Author: Jason Brough

Ken Hitchcock

Hitch needs ‘time to reflect’ before making decision on future


Two days after the St. Louis Blues bowed out of the playoffs, yet again in the first round, head coach Ken Hitchcock wasn’t sure if he’d be back behind the bench next season.

“I need time to reflect,” Hitchcock said, per KMOV’s Andrew Allsman. “I feel like I’ve let people down.”

Hitchcock does not have a contract for next season. And despite what GM Doug Armstrong said in October — that it’s “up to the players to get the job done,” i.e. the coach isn’t the problem — it’s possible we could see a situation, like we saw in San Jose, where there’s a mutual parting of ways.

To be sure, if Hitchcock were to move on from St. Louis and wanted to keep coaching, he’d be an interesting candidate in a place like Edmonton.

“He’s hard on us, but he does it because he knows the right way and how to get to this position,” said Blues defenseman Kevin Shattenkirk, per “You can never take that away from the way he coaches. He coaches fundamentals. It’s something we needed and we were able to get here because of him.”

Let’s face it — if there’s one team in the NHL that could use a fundamentals-based coach, it’s the Oilers.

But that’s getting ahead of ourselves.

“We’re not naive to the fact that we let our fans down with our postseason play,” said Armstrong. “We need to find a way to address and overcome.”

Easier said than done.

Related: Blues owner ‘disappointed and frustrated,’ but not ready to ‘throw people under the bus’

Rutherford admits mistakes, but has support of Penguins ownership

Mike Johnston Press Conference

You may question some of his moves, but you can’t say he lacks candor.

Penguins GM Jim Rutherford met with reporters today in Pittsburgh, and proceeded to:

Admit the club erred in the development of Beau Bennett, that the player should have spent more time in the AHL.
Express regret for trading young defenseman Simon Despres for veteran defenseman Ben Lovejoy.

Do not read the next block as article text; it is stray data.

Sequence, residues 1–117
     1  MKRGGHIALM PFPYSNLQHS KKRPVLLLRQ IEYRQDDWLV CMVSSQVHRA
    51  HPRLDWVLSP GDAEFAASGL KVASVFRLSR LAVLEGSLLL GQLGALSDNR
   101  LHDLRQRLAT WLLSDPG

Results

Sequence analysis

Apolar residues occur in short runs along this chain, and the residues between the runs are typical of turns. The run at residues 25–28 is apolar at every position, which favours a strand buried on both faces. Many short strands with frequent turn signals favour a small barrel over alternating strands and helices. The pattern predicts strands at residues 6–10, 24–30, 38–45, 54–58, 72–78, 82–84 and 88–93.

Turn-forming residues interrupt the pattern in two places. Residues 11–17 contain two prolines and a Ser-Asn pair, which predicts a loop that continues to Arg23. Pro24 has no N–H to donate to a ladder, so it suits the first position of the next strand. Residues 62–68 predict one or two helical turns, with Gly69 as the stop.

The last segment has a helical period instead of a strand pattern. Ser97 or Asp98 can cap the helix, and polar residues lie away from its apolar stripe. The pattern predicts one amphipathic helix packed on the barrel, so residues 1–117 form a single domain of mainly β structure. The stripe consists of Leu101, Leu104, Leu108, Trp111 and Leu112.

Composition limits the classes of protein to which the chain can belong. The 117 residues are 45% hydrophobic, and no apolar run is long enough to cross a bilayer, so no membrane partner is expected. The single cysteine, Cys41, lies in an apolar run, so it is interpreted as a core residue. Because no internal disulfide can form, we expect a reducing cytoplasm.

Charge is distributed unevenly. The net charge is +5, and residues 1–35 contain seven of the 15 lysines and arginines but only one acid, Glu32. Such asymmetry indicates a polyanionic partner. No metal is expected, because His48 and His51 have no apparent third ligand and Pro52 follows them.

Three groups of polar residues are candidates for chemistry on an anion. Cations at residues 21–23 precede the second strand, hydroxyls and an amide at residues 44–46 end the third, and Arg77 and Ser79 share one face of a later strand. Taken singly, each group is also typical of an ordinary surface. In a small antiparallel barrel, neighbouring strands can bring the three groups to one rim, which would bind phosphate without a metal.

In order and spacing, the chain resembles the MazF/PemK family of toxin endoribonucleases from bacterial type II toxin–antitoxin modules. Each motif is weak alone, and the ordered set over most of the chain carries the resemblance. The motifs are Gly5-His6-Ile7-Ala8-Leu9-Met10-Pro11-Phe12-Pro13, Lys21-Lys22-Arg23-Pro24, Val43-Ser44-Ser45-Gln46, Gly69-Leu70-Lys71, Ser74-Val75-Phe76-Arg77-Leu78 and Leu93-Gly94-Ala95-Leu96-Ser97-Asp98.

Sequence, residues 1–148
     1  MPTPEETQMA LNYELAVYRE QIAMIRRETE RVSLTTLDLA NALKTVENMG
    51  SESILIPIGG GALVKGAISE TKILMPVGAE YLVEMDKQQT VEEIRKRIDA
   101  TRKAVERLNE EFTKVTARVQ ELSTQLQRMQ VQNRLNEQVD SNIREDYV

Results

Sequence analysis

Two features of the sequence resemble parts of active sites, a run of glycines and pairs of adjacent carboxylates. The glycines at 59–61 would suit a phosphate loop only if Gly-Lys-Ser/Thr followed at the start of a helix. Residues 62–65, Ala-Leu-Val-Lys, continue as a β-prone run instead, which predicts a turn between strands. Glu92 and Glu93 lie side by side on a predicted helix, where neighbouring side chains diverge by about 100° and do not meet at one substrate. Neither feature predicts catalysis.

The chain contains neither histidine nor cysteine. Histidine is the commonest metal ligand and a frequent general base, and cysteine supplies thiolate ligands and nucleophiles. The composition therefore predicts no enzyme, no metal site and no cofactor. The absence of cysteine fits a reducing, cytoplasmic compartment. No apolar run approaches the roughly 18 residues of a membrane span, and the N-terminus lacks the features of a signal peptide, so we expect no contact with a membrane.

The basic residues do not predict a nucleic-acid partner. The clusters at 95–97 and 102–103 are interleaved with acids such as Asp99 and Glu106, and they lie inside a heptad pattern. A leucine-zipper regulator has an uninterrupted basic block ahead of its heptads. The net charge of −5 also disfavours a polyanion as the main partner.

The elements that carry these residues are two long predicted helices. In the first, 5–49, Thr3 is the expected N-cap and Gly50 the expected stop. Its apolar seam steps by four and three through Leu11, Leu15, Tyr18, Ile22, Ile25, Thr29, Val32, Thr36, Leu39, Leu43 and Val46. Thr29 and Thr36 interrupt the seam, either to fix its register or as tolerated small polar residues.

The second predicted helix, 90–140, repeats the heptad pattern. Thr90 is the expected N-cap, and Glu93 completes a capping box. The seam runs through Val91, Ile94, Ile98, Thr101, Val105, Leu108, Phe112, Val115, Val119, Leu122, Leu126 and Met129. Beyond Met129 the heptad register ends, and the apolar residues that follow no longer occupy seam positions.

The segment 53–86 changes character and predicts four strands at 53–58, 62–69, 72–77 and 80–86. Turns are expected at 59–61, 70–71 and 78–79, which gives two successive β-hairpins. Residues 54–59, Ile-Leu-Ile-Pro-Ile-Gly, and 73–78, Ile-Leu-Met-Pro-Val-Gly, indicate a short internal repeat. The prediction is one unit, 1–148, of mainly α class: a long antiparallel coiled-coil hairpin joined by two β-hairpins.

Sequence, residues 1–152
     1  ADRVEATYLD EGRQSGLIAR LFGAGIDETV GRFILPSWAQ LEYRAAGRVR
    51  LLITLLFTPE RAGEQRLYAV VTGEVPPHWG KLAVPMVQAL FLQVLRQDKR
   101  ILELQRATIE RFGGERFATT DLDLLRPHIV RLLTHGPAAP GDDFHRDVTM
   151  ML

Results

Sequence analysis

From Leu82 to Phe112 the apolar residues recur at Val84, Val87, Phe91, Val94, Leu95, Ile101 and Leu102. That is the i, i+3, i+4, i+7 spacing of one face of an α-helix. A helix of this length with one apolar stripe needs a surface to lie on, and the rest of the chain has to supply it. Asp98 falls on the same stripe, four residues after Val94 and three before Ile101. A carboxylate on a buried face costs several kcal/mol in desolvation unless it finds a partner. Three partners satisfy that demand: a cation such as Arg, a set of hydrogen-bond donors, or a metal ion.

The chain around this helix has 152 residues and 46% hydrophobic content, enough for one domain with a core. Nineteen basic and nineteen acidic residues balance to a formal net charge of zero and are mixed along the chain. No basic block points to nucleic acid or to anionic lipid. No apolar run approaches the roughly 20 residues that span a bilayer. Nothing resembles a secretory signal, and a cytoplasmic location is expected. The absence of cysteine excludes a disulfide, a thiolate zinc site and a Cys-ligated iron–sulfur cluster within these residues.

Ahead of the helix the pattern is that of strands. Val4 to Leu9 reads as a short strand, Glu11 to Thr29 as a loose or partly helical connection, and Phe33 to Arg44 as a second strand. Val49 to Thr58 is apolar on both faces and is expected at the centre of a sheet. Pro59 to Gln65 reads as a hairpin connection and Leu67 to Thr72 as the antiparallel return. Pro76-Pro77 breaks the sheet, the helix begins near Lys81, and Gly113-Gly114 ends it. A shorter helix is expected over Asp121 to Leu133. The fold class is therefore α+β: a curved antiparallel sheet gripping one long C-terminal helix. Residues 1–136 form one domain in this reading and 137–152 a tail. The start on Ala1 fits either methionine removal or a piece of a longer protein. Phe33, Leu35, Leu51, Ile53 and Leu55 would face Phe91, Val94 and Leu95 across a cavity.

Concede he could have handled an interaction with a certain member of the media better.

Those were the mistakes for which he held himself accountable.

But Rutherford also said:

— He has the full support of ownership to make the changes he sees fit, which may include buyouts. (Rob Scuderi?)
— He will look to add a top-six winger, most likely through a trade, given the dearth of options in free agency.
— The head coach he hired, Mike Johnston, did a good job, and the players said so.

Anyway, it should be a very interesting offseason in Pittsburgh. The Penguins have a number of pending unrestricted free agents, including Paul Martin, Christian Ehrhoff, Steve Downie and Thomas Greiss.

It could also be a challenging one for Rutherford. If he wants to add a top-six winger through a trade, what, exactly, could he offer in return? He already traded his first-round pick to get David Perron, and it’s not like the Penguins are blessed with an overabundance of prospects.

Besides, they need to develop their prized youngsters, not trade them away for short-term fixes. (You know, like they traded away Després.)

Related: Friedman says Penguins need to ‘think about’ trading Malkin

Weber has ‘medical procedure’ for ‘subluxed kneecap’

Shea Weber

Shea Weber suffered a “subluxed kneecap” during Game 2 of Nashville’s first-round series versus the Blackhawks, the Predators announced today.

Weber underwent an unspecified “medical procedure” and is expected to make a full recovery within 4-6 weeks, the club said.

Today’s update follows last week’s announcement that Weber “did not suffer an ACL injury,” despite reports to the contrary.

Despite ‘step in the right direction,’ do Canucks need to alter core?

Phoenix Coyotes v Vancouver Canucks

Should the Canucks stick with the same core of veterans that hasn’t been past the first round of the playoffs since nearly winning the Stanley Cup in 2011?

That was the big question today in Vancouver, as said core was grilled by reporters following a six-game loss to Calgary.

“When you don’t win, everything’s probably up for questioning,” said veteran defenseman Dan Hamhuis, who, like d-man Kevin Bieksa, has one year left on his contract before he can become an unrestricted free agent.

“It seems to be a popular question we keep getting all the time. I think our core’s been good. It’s a solid group of guys. I still think there’s lots of years ahead of us.”